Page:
JAMM AQUINO / JAQUINO@STARBULLETIN.COM
Crew members of the Two Star salvaged what they could from the vessel yesterday afternoon. The boat, which ran aground with engine problems, is starting to break apart.
After three days aground at Kewalo, a fishing vessel is breaking up
A 54-foot wooden fishing vessel was breaking apart in the large surf at Point Panic -- the second time a boat captained by Mario Martin had run aground in Hawaii.
The first time was his own vessel, Kay, which ran aground in Waimanalo in 2001 after the watchman either fell asleep or was watching TV, fishing boat captain Martin said.
Martin said the fishing boat owner is flying him to Hilo today to captain another fishing boat.
"If I'm a bad captain, then they wouldn't do that," he said. "I think I'm good."
At Kewalo Basin, some surfers were reluctant to go in yesterday with pieces of wood from the nearly 60-year-old Two Star floating in the water. The boat ran aground Saturday.
The surfers were also worried about the possibility of sharks lured by any fish catch left on board.
A U.S. Coast Guard spokeswoman said the owner, Howard Um*, does not have certificate of financial responsibility, comparable to insurance for the vessel. It is not required for a vessel 300 gross tons or less.
He is being fined, up to a maximum $32,500 per day allowed by federal law, the Coast Guard said.
FL MORRIS / FMORRIS@STARBULLETIN.COM
The 54-foot fishing vessel Two Star remained aground for the third day yesterday against the rocks at Point Panic.
The Coast Guard contracted the Pacific Environmental Corp., which successfully removed all of the nearly 1,700 gallons of diesel fuel on board. Meanwhile, the Department of Land and Natural Resources is now responsible for contacting the owner to move the boat off the rocks.
Department spokeswoman Deborah Ward said information concerning the boat's ownership has not yet been obtained from the Department of Transportation. She said the boat is still the legal property of the owner, and the DLNR cannot touch it until he has been contacted.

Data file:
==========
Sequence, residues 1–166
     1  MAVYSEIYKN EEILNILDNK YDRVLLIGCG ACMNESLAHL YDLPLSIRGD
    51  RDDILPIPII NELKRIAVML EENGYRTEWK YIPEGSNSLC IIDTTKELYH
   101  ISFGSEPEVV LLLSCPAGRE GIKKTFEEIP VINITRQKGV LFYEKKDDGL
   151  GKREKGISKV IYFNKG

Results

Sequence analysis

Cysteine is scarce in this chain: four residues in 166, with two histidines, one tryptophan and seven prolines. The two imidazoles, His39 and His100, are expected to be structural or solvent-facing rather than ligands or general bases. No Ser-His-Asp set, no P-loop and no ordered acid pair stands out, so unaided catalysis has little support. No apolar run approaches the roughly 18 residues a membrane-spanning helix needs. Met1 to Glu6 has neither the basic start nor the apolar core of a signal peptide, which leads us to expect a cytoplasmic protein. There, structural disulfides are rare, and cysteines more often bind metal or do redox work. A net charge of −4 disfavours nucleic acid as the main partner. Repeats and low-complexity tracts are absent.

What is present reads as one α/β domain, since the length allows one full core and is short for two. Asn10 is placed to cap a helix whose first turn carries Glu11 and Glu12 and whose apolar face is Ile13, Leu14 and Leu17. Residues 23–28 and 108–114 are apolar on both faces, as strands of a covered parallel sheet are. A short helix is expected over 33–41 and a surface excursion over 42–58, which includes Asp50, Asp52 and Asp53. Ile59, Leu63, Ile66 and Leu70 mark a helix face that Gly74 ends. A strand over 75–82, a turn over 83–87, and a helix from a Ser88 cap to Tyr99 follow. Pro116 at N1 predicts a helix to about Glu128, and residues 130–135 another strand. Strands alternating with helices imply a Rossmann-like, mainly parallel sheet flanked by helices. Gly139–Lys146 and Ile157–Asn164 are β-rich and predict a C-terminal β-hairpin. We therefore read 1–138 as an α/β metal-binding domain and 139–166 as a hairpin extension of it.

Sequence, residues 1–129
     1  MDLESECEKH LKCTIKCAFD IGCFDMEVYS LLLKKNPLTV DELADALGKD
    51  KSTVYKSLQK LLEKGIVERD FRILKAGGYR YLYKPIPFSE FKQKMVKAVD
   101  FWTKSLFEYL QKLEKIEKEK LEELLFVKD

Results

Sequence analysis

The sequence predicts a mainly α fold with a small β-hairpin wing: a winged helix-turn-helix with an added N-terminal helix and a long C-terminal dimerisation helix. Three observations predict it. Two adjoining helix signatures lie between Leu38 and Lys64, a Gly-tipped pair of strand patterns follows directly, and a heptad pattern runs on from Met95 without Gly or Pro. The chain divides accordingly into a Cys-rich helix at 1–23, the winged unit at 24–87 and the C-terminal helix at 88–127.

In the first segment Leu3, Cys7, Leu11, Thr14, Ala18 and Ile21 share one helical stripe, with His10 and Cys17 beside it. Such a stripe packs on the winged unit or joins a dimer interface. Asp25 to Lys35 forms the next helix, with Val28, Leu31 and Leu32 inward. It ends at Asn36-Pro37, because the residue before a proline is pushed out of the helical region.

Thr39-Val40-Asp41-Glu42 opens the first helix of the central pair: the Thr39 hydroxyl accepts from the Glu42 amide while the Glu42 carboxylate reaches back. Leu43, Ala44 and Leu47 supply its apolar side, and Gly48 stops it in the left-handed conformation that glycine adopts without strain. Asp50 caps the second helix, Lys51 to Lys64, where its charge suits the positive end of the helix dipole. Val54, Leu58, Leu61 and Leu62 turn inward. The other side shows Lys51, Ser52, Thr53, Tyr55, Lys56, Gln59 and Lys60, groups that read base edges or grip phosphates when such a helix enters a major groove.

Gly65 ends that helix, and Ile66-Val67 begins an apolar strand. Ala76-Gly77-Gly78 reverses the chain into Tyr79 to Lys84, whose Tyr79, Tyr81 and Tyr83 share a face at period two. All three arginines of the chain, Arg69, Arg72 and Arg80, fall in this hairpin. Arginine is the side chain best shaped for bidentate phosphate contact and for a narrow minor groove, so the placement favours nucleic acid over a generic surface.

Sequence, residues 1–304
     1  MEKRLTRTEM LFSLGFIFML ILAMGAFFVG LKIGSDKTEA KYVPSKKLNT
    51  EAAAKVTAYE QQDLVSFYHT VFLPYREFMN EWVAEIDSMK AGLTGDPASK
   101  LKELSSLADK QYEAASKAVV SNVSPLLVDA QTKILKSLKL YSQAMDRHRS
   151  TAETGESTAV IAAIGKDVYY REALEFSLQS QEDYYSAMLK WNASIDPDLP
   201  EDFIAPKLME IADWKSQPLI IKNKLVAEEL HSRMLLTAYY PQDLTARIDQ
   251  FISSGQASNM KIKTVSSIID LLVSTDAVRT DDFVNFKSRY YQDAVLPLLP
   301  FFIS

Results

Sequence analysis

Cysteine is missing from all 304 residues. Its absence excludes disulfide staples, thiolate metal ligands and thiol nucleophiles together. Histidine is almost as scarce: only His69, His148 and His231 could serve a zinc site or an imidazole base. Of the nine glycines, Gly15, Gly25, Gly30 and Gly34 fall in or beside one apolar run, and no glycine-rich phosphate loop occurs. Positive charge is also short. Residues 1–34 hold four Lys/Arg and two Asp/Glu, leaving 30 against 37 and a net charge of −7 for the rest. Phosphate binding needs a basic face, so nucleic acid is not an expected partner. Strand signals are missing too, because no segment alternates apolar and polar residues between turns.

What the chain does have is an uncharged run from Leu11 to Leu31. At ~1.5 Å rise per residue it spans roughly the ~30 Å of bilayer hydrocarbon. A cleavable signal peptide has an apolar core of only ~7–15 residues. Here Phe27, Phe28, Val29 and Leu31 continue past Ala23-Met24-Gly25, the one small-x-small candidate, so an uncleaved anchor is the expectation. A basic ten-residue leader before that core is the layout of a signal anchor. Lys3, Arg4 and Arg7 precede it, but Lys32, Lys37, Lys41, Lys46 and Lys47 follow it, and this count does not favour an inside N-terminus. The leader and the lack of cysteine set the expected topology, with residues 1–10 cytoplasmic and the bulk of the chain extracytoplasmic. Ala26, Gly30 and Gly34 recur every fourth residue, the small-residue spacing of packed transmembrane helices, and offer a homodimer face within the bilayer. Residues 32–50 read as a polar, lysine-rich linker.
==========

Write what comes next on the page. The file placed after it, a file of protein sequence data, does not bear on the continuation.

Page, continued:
Yesterday afternoon, Martin, the boat captain, defended the listing boat from looters. A few men climbed on board and removed a large gaffe, which they later threw into the rocks after Martin insisted they stop.
"They have no right," Martin said. "Anything happens to them, I'll be responsible."
However, Martin allowed two crewmen and a former crewman of his to salvage some items, including a gaffe, a bicycle, some meat and a 20-pound bag of rice the crewmen insisted on saving.
Nishima Asher, a crewman on board at the time of the accident, said they had sold their catch of 5,000 pounds of bigeye tuna (ahi) at Pier 38 and were on their way to their base in the middle of the channel at Kewalo Basin when the engine went down. The battery was weak, and the captain could not start up the boat, so they called the Coast Guard about 4:30 a.m.
"The waves were pushing us to shallow water," he said. The boat kept drifting until it ran aground on the rocks at Point Panic, he said.
The Coast Guard responded immediately, said spokeswoman Petty Officer Jennifer Johnson, but two crewmen had already made it to shore, and the two others wanted to remain with the boat, but later decided to leave and also swam safely to shore.
With its nose in the rocks, the boat's bow was splitting vertically and its stern was destroyed by yesterday afternoon, apparently from the huge waves.
A few surfers continued to enjoy the swell, and some came close to the vessel.
Martin said he wondered why everything happened at the Kewalo Channel.
"Maybe bad luck," he said, since other accidents have happened in the same area.
Wednesday, October 19, 2005
» Howard Um is a principal with Leilani Fishing Corp., owner of the grounded boat Two Star. His last name was misspelled in a Page A1 article yesterday.